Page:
As a PEERS member, once you have earned five years of credit with PEERS, you are vested and can receive lifetime retirement benefits when eligible. In most cases, the retirement benefits paid to PEERS members greatly exceed the funds they contribute to the System while working. In fact, most PEERS retirees recover all their contributions within the first five years of retirement.
PEERS Membership Advantages
- Disability benefits are available if you have five years of eligible employment and cannot work due to a disability that appears to be total and permanent.
- Survivor benefits may be payable upon your death with as little as two years of credit.
- Purchasing credit with PEERS may allow you to reach vested status, retirement eligibility or qualify for a larger benefit.
- Reinstating credit allows you to buy back credit for a membership you previously forfeited by taking a refund of your account.
- During retirement, you receive cost-of-living adjustments (COLAs) on your retirement benefits.
The Importance of a Defined Benefit Plan
As a PEERS member, you are a member of a defined benefit, or DB, retirement plan. DB plans provide members like you predictable income for life, no matter how long you live. The term “defined benefit” is derived from the fact that your lifetime retirement benefits are determined by a pre-defined formula that includes:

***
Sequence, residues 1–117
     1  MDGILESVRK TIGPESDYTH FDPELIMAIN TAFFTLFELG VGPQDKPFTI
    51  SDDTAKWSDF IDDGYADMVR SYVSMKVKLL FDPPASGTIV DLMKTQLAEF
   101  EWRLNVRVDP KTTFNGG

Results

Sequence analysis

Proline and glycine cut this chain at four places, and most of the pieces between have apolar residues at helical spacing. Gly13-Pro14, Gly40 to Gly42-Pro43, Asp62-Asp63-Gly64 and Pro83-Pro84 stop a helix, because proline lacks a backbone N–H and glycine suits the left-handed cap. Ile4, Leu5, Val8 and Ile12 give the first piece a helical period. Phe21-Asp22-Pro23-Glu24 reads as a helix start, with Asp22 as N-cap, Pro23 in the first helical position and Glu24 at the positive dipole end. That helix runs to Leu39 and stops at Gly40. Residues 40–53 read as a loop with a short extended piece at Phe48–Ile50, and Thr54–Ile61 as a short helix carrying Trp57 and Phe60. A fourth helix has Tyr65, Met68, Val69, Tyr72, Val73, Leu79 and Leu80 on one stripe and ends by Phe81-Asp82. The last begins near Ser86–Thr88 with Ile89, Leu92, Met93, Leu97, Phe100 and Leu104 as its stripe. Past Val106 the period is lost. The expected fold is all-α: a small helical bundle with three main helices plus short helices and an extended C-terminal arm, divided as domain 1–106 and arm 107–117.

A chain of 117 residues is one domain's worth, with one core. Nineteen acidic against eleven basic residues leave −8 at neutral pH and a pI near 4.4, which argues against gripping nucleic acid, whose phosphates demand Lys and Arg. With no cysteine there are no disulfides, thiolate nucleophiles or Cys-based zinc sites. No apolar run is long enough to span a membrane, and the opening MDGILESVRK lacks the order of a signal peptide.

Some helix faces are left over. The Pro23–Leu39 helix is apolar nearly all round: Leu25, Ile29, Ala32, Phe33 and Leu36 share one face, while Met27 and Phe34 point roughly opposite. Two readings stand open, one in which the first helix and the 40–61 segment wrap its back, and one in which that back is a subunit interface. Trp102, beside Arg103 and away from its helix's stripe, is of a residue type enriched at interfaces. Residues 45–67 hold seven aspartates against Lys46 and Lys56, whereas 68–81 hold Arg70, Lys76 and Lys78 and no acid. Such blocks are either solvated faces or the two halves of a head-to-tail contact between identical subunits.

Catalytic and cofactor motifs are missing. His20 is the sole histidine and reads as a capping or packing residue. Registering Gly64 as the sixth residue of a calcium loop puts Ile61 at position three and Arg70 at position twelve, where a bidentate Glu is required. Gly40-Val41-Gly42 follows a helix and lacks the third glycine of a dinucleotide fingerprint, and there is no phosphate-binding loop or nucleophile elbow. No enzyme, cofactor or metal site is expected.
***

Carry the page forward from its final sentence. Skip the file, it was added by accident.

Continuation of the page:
- A formula factor or percentage set by the Missouri Legislature,
- Your compensation (salary plus employer-paid health, dental and vision insurance premiums), and
- Your credit earned while employed by PEERS-covered employers and credit purchased.
Unlike defined contribution, or DC, retirement plans such as IRAs, 403(b) or 401(k) plans, you don’t have to make investment decisions regarding your retirement funds. As a DB plan, PEERS can more effectively reduce investment risk, and investment decisions are handled by PEERS’ professional investment staff and managers.
And, because PEERS is a DB plan, your retirement benefits are payable for your lifetime. The amount of money in your PEERS account when you retire does not have a bearing on the amount of benefits you can receive. While DC plans are an important piece of your overall retirement savings, they can be less effective, because they provide benefits based on account balances in those plans at retirement. That means a retirement based on DC plan savings alone can run out and leave you without the retirement income you need.